Feb.10, QI LU

Friday, Feb.10, 4:30 to 6:30pm, CWAC156

Camp for Posthumous Life: Spatial Conception of Liao Khitan Royal Tombs

Qi LU, Ph.D. Candidate, University of North Carolina at Chapel Hill

Summer Landscape, Detail of Peonies and deer, South-west Wall, Central Chamber of the Eastern Mausoleum [After Tamura Jitsuzo and Kobayashi Yukio, Keiryo (Kyoto:Kyoto daigaku bungakubu, 1953), Plate 53.]


This paper explores the unique spatial conception of Liao royal tombs by investigating the murals in the Liao Eastern Mausoleum located at Qingling, with a special focus on the four seasonal landscape paintings. Though seen in tombs as early as the Han period, the landscape mural from the late Tang and Song onwards were often framed like screens that decorated the burial chamber as part of its interior furnishing. The four seasonal landscape murals installed on the four walls of the Eastern Mausoleum’s middle chamber have been discussed in the same line, but this paper argues for a different interpretation. Rather than used to help imagine an interior space, the mural’s monumental sizes and the zigzag composition with no frame that continue through all four murals immediately bring the inhabitable open field into the tomb space. As city culture flourished during the Tang-Song period, open country was conceptualized into a notion of wildness contrary to the cultivation of city. This concept of space is manifested in the pictorial programs in contemporaneous Han Chinese people’s tombs. However, the depiction of the inhabitable open country in the Khitan tombs actually reminds of their camp life and the blurry boundary between the living space and nature, interior and exterior. In the case of the Eastern Mausoleum, moving the four inhabitable hills into the tomb space in the cycle of the year, the subterranean chambers are transformed into an ideal yurt complex that is able to encamp at a different open space in each season, an effective way to bring about the nomadic lifestyle in the otherwise immobile underground space. In the later Khitan royal tombs, the yurt complex that the Eastern Mausoleum modeled after became a motif—a small-scaled replica—prevalently portrayed on the walls of the tomb passages. Rather than merely a model of the ideal structure, the yurt complex is placed on the camel chariot. Thus the logic reverses: people did not directly bring the mountains and trees into the tombs as seen in the Eastern Mausoleum, but the chariot, with the ideal yurt complex on it, is a movable home that allows the deceased to leave the “camp” and to move to the vast inhabitable open country outside the tomb. In other words, the pictorial program in the tomb over the Liao period in a sense turned the permanent underground space into a temporary camp for the emperor’s posthumous life.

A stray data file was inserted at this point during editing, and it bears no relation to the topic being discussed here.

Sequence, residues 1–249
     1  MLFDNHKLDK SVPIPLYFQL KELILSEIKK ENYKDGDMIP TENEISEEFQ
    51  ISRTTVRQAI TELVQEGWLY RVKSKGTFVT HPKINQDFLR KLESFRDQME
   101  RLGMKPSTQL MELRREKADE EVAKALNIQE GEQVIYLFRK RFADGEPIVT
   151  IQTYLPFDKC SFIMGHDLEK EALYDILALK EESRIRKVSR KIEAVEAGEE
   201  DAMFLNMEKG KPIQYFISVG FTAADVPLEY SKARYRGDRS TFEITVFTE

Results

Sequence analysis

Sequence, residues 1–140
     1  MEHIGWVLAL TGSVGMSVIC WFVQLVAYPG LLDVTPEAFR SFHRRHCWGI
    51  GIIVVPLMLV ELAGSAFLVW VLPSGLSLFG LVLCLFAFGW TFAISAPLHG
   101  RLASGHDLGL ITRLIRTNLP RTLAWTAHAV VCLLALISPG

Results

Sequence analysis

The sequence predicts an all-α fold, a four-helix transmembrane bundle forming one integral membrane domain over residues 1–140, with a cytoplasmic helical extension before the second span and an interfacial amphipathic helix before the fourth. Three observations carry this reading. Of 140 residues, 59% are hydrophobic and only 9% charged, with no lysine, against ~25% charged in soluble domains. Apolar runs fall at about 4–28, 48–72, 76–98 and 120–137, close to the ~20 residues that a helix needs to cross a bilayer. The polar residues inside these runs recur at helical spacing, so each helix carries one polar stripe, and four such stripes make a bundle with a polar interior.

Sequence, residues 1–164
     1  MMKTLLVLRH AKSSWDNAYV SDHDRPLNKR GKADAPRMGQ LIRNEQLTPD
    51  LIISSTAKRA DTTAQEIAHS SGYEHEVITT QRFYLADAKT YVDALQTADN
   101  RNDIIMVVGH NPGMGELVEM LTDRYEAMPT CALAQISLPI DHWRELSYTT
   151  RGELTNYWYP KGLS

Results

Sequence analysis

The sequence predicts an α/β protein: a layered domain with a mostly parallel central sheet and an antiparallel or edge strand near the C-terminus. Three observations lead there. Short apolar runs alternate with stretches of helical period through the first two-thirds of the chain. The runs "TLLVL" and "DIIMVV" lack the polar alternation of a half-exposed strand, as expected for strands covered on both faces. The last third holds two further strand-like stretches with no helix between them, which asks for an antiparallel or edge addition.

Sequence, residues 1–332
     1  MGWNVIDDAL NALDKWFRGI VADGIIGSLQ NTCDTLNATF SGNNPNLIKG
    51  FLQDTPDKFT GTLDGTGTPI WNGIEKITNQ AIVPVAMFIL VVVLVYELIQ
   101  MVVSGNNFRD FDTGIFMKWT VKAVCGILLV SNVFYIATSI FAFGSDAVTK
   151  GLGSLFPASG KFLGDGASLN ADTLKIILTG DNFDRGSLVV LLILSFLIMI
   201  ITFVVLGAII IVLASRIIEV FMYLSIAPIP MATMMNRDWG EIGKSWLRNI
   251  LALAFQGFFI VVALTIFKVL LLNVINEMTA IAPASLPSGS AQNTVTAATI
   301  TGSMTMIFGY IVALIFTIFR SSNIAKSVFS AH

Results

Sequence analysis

Friday, Feb.10, 4:30 to 6:30pm, CWAC156

Persons with concerns regarding accessibility please contact Yunfei Shao(yunfeishao@uchicago.edu) or Zhiyan Yang (zhiyan@uchicago.edu)


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